Before I knew him, Procter-Gregg had enjoyed the benefits of being a motorist despite his visual impairment! Luckily for himself, and no doubt others, a car in his control failed to ascend Hard Knott Pass and the attending inconvenience and distress resulted in his abandoning the vehicle and never driving again. (There’s a similar story about Beecham, who was stopped by a policeman in London traffic and accused of not being in proper control of the car. Tommy said he was in profound agreement, got out, left it where it was and walked away! No doubt someone will know the exact story!)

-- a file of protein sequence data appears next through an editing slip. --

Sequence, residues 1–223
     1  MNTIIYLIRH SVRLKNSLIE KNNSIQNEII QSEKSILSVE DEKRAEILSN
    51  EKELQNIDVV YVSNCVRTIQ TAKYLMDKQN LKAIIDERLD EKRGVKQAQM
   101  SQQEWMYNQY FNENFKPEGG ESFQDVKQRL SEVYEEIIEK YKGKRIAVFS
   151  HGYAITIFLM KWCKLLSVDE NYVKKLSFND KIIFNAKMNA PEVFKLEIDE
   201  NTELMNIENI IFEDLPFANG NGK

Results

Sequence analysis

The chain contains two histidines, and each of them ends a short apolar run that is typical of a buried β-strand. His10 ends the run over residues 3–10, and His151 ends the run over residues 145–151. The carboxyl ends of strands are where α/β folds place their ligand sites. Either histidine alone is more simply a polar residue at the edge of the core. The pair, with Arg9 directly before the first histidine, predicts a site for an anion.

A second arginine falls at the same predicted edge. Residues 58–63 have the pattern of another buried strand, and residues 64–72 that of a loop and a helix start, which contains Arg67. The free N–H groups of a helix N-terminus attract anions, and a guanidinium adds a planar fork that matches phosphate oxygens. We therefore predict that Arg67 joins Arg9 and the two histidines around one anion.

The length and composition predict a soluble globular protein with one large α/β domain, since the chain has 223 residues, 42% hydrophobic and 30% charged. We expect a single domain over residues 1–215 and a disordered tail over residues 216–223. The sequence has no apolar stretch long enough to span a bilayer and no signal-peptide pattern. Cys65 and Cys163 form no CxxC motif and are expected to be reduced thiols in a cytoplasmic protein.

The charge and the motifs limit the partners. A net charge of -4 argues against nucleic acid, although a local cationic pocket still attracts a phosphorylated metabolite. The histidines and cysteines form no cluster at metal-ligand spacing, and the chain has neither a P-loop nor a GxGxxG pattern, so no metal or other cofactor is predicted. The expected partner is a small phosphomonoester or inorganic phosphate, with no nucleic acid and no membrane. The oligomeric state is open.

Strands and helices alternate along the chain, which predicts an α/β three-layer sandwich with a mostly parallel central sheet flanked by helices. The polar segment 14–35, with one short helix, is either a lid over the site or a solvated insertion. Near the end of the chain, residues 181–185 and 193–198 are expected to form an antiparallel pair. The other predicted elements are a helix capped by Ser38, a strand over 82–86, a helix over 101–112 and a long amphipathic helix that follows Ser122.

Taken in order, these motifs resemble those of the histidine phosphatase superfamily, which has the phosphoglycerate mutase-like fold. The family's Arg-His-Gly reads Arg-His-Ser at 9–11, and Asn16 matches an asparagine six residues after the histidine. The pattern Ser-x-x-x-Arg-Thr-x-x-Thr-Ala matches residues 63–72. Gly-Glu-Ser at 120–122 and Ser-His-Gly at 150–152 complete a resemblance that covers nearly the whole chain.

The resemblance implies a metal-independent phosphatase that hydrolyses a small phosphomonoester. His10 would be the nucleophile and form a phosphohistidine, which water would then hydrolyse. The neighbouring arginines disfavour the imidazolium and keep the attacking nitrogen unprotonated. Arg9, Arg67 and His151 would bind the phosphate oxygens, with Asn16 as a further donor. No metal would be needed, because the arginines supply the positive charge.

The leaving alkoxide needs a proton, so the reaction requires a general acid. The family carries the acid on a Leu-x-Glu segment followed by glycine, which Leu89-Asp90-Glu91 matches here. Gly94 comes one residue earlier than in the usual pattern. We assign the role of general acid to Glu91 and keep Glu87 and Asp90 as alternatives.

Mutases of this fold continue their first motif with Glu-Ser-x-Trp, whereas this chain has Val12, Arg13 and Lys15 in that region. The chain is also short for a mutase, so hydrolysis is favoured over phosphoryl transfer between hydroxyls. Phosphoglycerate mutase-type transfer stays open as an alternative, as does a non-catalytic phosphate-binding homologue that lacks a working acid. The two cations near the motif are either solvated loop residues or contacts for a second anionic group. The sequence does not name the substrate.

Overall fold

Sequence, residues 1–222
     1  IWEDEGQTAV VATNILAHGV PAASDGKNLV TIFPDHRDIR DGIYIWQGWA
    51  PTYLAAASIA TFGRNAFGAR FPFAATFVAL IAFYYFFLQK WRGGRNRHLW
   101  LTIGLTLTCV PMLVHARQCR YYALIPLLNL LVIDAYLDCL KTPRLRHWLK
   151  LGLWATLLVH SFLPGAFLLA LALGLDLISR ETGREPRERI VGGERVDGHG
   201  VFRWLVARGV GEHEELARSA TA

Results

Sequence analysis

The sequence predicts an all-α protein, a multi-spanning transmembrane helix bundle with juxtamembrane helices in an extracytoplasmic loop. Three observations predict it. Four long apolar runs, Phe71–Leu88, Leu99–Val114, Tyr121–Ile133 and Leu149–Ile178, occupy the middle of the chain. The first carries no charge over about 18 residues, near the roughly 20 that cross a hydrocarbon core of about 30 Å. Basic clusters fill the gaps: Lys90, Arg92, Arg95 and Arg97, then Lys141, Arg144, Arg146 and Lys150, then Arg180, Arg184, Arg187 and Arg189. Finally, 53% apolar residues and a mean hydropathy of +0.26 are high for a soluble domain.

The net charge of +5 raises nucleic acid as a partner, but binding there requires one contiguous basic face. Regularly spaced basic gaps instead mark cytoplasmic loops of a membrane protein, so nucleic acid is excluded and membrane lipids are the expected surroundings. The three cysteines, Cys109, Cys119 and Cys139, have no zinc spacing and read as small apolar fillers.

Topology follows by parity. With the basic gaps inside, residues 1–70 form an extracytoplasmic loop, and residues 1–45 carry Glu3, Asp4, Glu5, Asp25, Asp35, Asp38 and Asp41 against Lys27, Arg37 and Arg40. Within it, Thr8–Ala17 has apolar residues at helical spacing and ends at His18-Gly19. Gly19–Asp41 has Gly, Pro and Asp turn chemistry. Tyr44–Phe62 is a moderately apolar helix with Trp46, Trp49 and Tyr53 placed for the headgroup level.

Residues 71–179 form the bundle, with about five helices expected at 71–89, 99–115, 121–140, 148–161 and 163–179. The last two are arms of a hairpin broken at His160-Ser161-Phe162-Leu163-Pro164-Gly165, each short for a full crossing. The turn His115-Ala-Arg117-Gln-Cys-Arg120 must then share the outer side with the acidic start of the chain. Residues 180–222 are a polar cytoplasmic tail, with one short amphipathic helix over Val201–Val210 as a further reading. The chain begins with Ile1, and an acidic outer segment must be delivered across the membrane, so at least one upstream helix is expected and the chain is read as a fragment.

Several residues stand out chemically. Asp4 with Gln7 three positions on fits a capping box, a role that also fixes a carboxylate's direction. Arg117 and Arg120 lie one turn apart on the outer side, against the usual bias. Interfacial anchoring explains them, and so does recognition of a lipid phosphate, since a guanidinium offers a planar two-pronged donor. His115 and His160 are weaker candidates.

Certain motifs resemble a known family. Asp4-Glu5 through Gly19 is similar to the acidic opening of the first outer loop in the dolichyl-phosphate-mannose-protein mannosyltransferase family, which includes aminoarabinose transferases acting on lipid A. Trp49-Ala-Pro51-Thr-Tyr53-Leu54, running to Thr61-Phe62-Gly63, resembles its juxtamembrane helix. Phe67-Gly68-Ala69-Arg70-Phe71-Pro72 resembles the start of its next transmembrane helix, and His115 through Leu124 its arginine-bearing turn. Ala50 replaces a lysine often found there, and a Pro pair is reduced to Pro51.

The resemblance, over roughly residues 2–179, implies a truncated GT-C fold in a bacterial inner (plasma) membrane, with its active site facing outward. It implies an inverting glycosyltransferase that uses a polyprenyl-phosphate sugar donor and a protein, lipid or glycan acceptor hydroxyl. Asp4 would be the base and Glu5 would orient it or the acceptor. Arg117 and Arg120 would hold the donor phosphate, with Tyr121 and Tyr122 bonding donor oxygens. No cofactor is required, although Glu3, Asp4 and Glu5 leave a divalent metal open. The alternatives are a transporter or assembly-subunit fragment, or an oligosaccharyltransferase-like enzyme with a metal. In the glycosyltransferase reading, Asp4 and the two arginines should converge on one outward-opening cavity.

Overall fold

P-G had a delightful sense of humour and that common touch which gave him an ease of manner and friendliness with the man in the street. It was a joy to call into a remote country pub and see him take country people to his heart. In restaurants and all manner of eating places he could invariably charm the staff to at least tone down the background music if not erase it completely. I noticed also a remarkable gift with animals: even the most threatening of farm dogs would usually succumb to his voice and come to lick his hand. He also hand-fed the birds at the French-doors to his music room at Oakland overlooking Windermere Lake. Loving birds so much as I do, I envied the way blue, great and coal tits and robins quarrelled to come to the peanuts and crumbs in his outstretched palm.